In 1900 a group of sponge divers found an ancient Roman shipwreck in the waters off the Greek island of Antikythera. The wreck, dated to around 60 BC, had some interesting statues, coins, pottery, and a blob of badly-corroded bronze gears.
An archaeologist studying the blob in 1902 said “Hey guys! This thing has gears!”
Other scholars said “Sorry, not possible,” so the blob sat on a shelf for another fifty years until it piqued the curiosity of Yale professor Derek J. de Solla Price. He studied the device and concluded it was the first known analog computer. The computer, now called the Antikythera mechanism, was the size of a shoe box, contained thirty bronze gears, and was built around 205 BC. It calculated the position of the planets, the moon, and the dates of eclipses. It was a clockwork computer built 1,300 years before Europe rediscovered how to build clockwork mechanisms.
You entered a date into the computer using a crank and the gears would calculate:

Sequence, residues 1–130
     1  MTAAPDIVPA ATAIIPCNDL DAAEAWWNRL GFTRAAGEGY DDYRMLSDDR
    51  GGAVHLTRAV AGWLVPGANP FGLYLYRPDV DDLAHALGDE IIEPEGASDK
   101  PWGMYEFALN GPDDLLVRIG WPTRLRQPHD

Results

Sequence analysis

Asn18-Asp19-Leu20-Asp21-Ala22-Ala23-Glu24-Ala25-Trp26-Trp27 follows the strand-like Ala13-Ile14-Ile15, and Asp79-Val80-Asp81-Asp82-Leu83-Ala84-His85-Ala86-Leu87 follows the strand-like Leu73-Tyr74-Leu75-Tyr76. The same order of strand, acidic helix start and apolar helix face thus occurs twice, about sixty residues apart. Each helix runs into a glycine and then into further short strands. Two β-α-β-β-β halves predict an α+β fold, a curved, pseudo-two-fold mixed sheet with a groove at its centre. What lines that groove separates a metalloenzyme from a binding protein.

- Positions of the sun, moon, and planets.
- Phase of the moon.
- Times of upcoming eclipses to an accuracy within one hour using the Saros Cycle discovered by Babylonian astronomers.
- Dates of upcoming Olympic games which were determined by phases of the moon.
The computer was so advanced it added one day to the calendar every four years even though leap years weren’t part of the Julian calendar yet.
It is a bit frightening to know that just before the fall of their great civilization the ancient Greeks had come so close to our age, not only in their thought, but also in their scientific technology.Derek J. de Solla Price, Professor, Yale University
Freeth, Tony. Eclipse Prediction on the Ancient Greek Astronomical Calculating Machine Known as the Antikythera Mechanism. PLoS ONE 9(7): e103275, 2014. https://doi.org/10.1371/journal.pone.0103275.
Freeth, Tony, et al. Decoding the Antikythera Mechanism: Investigation of an Ancient Astronomical Computer. Nature, Volume 444, Issue 7119, 2006, pp. 587-591.
Price, Derek John de Solla. An Ancient Greek Computer. Scientific American, June 1959, pp. 60-67.